“Master Locks generally cry out for this sort of treatment.”. — The Lock-Picking Lawyer
Thanks guys!! Knowing it’s a reputable government website, I reckon that everything is locked up adequately.
Interesting, I wonder if I can still transport firearms with my own lock–but that’s another thread topic of its own. I, like you, had a couple of instances where my clearly marked Pelican cases were jimmied open, and the loss of a couple of my ‘prior occupation’s’ hand tools occurred.
Just to assuage my confusion about why you’d care if they kept a bunch of old passwords, even if they weren’t hashed – you’re not using the same password on more than one site, right? That’s a terrible practice that greatly increases your vulnerability if one site is compromised.
That’s correct, I don’t reuse passwords across sites. Passwords are like underwear: they help protect what’s close to you, need to be changed often, and aren’t good to spread around for everyone to see.
I was my passwords skivvies after one wear.
The concern, I suspect, is being able to detect a pattern of how passwords are made. Some people like to take names and replace vowels with numbers, others use famous phrases slightly altered, and so forth. The reality is that as long as your password has a reasonable amount of complexity and the website has some marginal level of security (locking the account after some number of attempts, refusing multiple simultaneous authentications, ensuring that the password hash isn’t accessible from outside) then even relatively simple passwords with repeated patterns are adequately secure as long as you aren’t reusing the same password across different sites.
Outlandish complexity requirements and frequency of change actually do almost nothing to improve security and may actually make things worse. My current organization requires a 16 digit password with no English words that has to be changed on 90 day intervals. Guess what most people do ‘remember’ their frequently changing password?
That’s my concern. I don’t reuse passwords, but I admit that I use terms and phrases from my past to help me generate new secure ones. I’m not nearly as imaginative or randomized as certain secure algorithms are, so I assume I have a pattern.
Don’t get me started on the three random security questions.
I’m still thinking about salty hash–lunchtime!
Yeah, restrictions on the form of passwords is a pet peeve of mine. I use a password manager that hashes the website name along with a secret key, and then uses the hash to construct a 10 character password that’s guaranteed to have at least one uppercase, one lowercase, one digit and one punctuation. (Per Kerckhoff’s principle, all the security is in the key; I don’t care if everything else about my system is known.) But occasionally I run into a website that doesn’t accept the punctuation character, or has some other restriction that doesn’t accept my default password, making it tempting to just use a one-off easily rememberable password for that site. Sites should not require a password format; it just decreases the size of the password space and encourages writing them down, using memorable passwords, or otherwise using insecure techniques.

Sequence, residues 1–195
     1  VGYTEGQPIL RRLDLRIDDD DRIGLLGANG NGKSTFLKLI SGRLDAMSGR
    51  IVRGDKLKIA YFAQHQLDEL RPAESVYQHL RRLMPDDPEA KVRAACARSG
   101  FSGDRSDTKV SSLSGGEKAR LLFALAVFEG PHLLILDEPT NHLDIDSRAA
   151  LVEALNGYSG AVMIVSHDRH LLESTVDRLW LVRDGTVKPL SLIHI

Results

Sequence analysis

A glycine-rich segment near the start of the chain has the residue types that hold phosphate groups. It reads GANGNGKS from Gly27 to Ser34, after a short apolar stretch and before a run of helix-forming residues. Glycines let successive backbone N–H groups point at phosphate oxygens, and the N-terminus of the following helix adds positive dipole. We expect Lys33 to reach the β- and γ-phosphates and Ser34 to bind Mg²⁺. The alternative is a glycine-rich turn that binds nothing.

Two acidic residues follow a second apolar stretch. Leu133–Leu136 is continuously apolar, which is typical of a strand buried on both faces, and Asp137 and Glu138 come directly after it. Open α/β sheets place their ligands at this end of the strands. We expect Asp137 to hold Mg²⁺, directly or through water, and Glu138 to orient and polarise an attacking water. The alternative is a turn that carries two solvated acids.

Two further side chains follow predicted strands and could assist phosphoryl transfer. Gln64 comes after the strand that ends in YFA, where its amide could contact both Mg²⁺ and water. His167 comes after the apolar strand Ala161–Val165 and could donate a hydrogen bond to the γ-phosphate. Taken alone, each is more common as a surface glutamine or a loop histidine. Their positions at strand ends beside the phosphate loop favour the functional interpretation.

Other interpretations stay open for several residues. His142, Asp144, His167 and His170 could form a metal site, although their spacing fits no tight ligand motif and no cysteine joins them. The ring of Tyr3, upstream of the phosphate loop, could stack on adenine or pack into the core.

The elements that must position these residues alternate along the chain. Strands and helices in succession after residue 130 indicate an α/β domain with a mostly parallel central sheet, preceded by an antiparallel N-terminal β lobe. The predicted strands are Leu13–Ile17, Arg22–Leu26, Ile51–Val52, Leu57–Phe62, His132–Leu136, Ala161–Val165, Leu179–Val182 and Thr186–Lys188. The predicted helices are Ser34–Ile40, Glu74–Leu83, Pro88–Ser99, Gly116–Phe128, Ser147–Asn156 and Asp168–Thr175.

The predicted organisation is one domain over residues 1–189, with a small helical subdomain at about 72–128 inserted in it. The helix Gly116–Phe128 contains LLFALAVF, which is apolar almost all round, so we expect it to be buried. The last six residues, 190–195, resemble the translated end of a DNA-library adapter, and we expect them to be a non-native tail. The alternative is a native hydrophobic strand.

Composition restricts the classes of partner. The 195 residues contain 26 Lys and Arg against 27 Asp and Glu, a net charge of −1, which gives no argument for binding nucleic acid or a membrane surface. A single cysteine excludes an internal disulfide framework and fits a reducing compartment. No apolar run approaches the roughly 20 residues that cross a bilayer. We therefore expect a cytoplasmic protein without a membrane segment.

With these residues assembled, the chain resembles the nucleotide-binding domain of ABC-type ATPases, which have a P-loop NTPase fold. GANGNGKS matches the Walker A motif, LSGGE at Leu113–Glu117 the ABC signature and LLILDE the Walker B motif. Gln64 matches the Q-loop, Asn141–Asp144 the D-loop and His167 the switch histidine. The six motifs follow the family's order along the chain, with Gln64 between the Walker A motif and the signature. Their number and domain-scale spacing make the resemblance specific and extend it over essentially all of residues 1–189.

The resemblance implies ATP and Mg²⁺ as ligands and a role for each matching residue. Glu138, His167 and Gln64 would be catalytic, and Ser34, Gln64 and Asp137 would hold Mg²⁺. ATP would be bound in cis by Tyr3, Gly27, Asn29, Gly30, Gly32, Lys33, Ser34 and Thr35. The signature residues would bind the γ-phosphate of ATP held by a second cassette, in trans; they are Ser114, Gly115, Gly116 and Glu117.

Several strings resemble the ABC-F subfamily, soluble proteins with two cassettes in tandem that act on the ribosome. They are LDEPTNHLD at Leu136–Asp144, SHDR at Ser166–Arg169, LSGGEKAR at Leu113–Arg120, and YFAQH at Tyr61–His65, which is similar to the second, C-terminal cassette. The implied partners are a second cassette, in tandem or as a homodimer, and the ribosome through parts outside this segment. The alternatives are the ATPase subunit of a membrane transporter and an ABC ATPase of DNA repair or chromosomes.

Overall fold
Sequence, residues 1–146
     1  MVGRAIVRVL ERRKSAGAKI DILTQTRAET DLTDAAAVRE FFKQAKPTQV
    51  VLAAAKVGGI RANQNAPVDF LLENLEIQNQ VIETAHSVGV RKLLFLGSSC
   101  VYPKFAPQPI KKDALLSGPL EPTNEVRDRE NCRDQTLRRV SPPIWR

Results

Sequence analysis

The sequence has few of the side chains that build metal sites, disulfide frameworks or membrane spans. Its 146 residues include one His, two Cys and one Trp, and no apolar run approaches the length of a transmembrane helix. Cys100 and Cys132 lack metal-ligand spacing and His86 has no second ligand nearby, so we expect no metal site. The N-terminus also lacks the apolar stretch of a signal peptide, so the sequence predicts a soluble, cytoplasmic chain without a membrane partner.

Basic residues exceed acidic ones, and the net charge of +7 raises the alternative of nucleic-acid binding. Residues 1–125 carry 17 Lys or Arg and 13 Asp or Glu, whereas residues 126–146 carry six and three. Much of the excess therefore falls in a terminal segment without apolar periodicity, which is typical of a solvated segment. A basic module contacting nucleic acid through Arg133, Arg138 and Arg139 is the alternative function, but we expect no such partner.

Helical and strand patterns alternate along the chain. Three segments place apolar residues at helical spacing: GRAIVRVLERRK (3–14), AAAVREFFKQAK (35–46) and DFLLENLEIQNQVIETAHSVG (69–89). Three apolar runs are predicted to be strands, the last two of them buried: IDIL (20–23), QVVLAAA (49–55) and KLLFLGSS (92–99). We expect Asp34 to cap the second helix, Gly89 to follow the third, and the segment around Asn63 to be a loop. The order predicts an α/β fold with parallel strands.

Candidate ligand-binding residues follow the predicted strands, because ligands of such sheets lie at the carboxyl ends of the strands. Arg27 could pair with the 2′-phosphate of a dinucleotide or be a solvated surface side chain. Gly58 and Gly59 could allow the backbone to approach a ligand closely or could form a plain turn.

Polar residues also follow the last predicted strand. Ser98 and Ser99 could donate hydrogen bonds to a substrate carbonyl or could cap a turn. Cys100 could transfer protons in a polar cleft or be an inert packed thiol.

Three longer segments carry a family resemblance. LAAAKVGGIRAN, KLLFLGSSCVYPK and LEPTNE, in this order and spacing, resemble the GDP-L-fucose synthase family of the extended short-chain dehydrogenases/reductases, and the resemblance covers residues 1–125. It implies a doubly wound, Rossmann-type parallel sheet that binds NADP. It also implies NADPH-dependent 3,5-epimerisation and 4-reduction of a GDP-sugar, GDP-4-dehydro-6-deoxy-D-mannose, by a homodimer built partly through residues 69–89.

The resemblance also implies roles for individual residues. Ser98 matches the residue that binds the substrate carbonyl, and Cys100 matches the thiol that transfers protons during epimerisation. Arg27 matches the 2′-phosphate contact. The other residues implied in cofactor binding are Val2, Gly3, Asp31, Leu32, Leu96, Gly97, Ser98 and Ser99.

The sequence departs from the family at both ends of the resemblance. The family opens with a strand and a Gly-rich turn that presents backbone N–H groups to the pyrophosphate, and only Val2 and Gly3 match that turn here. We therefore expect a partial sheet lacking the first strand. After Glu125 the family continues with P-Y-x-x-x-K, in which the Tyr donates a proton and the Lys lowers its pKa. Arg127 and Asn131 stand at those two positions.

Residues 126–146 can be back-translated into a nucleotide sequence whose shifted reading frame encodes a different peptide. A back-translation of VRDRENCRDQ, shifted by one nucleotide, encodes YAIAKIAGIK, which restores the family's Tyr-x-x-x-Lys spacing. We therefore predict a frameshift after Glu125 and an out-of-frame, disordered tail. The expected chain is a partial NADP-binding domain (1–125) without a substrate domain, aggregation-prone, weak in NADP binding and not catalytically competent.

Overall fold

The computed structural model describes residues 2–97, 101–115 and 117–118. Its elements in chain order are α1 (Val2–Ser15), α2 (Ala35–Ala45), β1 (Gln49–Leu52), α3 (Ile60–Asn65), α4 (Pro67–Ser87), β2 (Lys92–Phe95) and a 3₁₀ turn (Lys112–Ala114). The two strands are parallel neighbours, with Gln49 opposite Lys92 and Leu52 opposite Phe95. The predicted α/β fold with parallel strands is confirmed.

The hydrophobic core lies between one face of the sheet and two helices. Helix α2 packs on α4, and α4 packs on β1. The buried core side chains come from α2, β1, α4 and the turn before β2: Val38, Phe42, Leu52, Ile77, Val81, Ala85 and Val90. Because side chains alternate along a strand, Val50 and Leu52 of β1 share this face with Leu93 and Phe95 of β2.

Those questions are actually enormous vulnerabilities, especially the predetermined ones that request publicly available information like the schools you’ve attended or your mother’s maiden name. Passwords in general are not very good security (again, because people write them down) but if you can socially hack the password change process there isn’t even a need to worry about brute force or computational vulnerabilities, because you are basically being handed a key blank and wax impression, and just need to do a bit of filing to open the lock.
It could be worse. There’s a site we’re supposed to use at work, and we all had accounts set up for us. We all got a message in our work email, “Click here to finish setting up your account”, and then it said that all we had to do to finish setting up our account was to create a password.
And, as soon as we did so and then logged in with the brand-new password, the site came back with “Your password has expired. Please change it.”
I’ve met sites and games where passwords can not contain anything else than numbers and letters. How bizzare is that? I’m immediately wondering how are they storing the password if it has to be alphanumerical string.
I’ve had people tell me that if they want to transport something valuable in checked bags they also pack a firearm (declared) with it. Their assertion was that bags with declared firearms are given special security in baggage handling and random baggage handlers aren’t given unrestricted access,